United Airlines is under the media’s microscope, and what the press and the people who read the stories are discovering isn’t pretty. It seems the latest United faux pas involves a man and his dog traveling from Missouri to Southern California. United sent the dog to one city and the man to another. The man, Rapper ScHoolboy Q, isn’t happy about the incident even though the unharmed dog caught up with him in Los Angeles several hours after he told the airline his dog was not on his flight. United isn’t sure how the dog and the Rapper went to different cities, but the airline is investigating. Rapper ScHoolboy Q put out a tweet about the incident, and he didn’t waste any words. United is not the Rapper’s favorite airline anymore.
United is not feeling too much passenger love these days. The airline shot itself in its flying high foot when police officers did battle with a United passenger when he would not give up his seat due to United’s overbooking policy. Ever since that well-publicized fiasco, United is landing on shaky ground with America’s flying public.
But United is not the only airline that is causing a flying public fracas. Delta gave political pundit, Ann Coulter, the green light to set the twitter world on fire because the airline gave her pre-booked, extra-leg room seat to another passenger. Ann let her fingers do the flying and the complaining while she was on the flight, and when she got to her destination. The more than 32 tweets about her pre-book seat disaster is making Delta see more red more blue. Coulter’s tweets didn’t have a conservative flair to them. And the airline didn’t waste any time calling Coulter’s tweets unacceptable and unnecessary.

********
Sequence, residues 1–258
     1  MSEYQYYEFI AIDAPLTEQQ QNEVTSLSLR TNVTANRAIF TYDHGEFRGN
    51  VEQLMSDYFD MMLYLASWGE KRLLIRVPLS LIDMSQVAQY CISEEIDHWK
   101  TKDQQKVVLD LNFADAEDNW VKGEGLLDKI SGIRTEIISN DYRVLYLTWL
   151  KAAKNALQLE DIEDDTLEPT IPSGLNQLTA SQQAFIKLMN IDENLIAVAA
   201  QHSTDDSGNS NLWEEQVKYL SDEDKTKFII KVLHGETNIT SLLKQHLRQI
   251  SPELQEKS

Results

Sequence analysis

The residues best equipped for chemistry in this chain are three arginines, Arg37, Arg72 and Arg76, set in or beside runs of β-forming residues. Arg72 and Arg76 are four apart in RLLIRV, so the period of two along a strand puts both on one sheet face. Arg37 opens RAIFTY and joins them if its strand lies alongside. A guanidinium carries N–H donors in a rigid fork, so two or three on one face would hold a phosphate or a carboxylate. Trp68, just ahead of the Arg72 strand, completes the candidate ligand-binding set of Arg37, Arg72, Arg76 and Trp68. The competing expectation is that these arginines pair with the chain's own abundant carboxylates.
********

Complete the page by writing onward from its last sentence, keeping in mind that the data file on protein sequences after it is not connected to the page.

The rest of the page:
But Delta may have more things to worry about than tweets from Ann Coulter. Net profit was off by 21 percent in the second quarter of 2017. Airline representatives blame fuel and labor cost increases for their lackluster profit performance. Even though revenue was up by more three percent in the second quarter, operating costs were up by more than nine percent. Bad weather in Atlanta didn’t help either. More than 4,000 flights never got off the ground in the second quarter due to nasty weather.
Delta’s CEO, Ed Bastian, didn’t waste any time putting out damage control statements. Bastian was quick to put a positive spin on the Delta situation when he said: “While 2017 is a transition period for Delta, we are encouraged by the improvement in unit revenues, leading to increasing conviction in our ability to expand margins.”